A few weeks back I was in a conversation with one of my smartest and most confident colleagues. What he told me might leave you a bit surprised. If your were to meet this gentleman in person, you'd have no idea that someone like him would ever be nervous. As it turns out, he was talking about his problem of getting nervous when he stands up and speaks in front of a large audience. Now, I must say I wasn't one bit surprised to hear what he had to say, because frankly I know very few people who aren't nervous of public speaking and presenting. In today's blogpost I want to share the advice I shared with my friend - five tips to deal with presentation fright.
The Show Begins Before the Presentation
It's very tempting to spend the last few minutes before your presentation rehearsing your slides, thinking of your punchlines and deciding how you'll wow your audience. Frankly, it's a really bad idea to do so because it means you'll spend time away from the audience that's gathering at the venue. Why is it easier to speak to people you already know, than to present to an audience that you don't know at all? Familiarity brings a level of comfort and safety. Too often, the time you spend staying aloof from your audience, gold plating your presentation, is the time you can use to build familiarity and comfort. So how about the next time you present, you try to mingle with your audience, get to know a few people by name and see how you can use the friendly faces in the audience to give you confidence?
Don't Blow Your own Trumpet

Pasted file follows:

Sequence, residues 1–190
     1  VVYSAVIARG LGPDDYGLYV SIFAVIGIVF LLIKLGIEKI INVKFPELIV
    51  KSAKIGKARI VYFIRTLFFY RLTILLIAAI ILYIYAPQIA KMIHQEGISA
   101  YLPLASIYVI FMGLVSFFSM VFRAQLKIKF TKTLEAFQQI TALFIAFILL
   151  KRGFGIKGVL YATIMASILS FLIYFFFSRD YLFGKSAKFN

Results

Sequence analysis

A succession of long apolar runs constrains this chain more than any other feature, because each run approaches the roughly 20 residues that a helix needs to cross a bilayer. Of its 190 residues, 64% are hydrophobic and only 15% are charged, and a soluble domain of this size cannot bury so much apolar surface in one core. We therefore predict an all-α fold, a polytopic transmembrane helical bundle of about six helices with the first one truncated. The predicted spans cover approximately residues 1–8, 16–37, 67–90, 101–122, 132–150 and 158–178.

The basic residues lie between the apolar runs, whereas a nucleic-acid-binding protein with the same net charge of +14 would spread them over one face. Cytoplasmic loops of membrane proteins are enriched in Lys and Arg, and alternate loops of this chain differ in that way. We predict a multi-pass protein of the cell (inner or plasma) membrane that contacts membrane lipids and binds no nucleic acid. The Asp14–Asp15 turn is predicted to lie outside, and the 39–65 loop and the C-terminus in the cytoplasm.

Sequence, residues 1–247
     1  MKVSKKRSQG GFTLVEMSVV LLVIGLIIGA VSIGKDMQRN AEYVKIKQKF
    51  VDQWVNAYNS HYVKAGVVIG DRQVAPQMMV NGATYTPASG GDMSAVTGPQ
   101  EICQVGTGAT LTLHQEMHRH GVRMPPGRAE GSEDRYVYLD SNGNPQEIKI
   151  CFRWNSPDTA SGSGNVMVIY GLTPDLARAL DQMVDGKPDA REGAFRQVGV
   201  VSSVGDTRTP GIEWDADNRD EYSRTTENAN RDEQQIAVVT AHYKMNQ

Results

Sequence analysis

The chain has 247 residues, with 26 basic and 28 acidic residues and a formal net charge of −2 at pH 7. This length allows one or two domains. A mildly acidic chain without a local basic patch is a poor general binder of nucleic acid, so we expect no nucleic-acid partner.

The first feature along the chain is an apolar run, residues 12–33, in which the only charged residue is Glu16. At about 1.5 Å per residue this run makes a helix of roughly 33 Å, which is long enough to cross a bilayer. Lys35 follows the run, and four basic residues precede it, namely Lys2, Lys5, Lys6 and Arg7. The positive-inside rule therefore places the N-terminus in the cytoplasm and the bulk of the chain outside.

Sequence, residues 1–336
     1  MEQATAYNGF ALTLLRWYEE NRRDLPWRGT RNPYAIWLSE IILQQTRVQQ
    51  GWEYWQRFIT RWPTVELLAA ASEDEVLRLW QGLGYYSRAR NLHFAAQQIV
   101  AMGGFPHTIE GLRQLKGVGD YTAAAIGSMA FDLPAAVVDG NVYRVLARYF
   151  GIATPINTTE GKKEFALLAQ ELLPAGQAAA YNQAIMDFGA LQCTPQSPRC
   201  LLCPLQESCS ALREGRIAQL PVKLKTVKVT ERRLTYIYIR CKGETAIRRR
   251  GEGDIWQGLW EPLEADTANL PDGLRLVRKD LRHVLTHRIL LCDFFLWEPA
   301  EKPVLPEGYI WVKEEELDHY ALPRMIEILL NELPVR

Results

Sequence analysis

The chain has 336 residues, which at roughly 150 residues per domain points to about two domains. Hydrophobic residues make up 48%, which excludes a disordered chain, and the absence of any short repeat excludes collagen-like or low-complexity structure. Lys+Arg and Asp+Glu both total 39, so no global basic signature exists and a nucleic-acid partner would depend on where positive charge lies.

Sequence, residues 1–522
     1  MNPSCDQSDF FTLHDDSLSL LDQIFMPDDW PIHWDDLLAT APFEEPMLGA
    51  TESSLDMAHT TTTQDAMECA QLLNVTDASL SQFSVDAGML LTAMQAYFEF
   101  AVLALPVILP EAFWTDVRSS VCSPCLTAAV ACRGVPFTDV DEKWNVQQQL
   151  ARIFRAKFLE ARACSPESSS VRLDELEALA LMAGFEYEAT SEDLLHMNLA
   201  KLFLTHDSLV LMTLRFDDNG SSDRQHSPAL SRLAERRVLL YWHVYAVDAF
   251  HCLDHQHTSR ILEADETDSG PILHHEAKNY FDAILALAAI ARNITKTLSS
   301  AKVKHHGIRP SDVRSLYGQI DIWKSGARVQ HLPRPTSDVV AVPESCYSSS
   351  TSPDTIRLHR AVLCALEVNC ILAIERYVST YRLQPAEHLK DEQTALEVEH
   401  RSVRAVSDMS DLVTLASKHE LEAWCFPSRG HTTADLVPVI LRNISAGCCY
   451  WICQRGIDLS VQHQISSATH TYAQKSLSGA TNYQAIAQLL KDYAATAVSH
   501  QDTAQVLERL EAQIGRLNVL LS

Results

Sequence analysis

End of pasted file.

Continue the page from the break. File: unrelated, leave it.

The other day I saw this really funny Dilbert strip and it reminded me of a session at the recent DevLearn conference. The speaker (his name isn't important) started off his session with a few minutes about who he was and pointed out that the most important thing for us to know was that he had about 30 years of experience in L&D. I found that amusing at the time, because he was speaking of social media in the workplace - a youth driven phenomenon that has come up just in the last few years. How did the 30 years of experience matter? In my mind he had set his billing quite high at that point and the only direction he could go was south. cIn fact, he didn't do his 30 years of experience any good when he said that there's there's a version of Facebook and MySpace that you can install behind your firewall. As it turned out, the talk was a huge disappointment for me personally and was the only session I didn't report.
Martin Fowler once told me that if you have to tell your audience how good you are before you start your presentation, it's an indirect indication that your talk is not good enough to establish your credibility. Why would you want to brag and then set yourself up for failure? Presentation guru Olivia Mitchell shares some very practical tips on how you can establish your credibility without bragging at the start of your talk. Frankly she's got some great tips to relieve the pressure that a chest thumping self introduction can create for you.
Fight the Murphy Monkey
"As you get to speak, it's as if a (Murphy) monkey has suddenly jumped onto your shoulders. He claws your neck and weighs you down - making your knees feel weak and shaky." - John Townsend, The Trainer's Pocketbook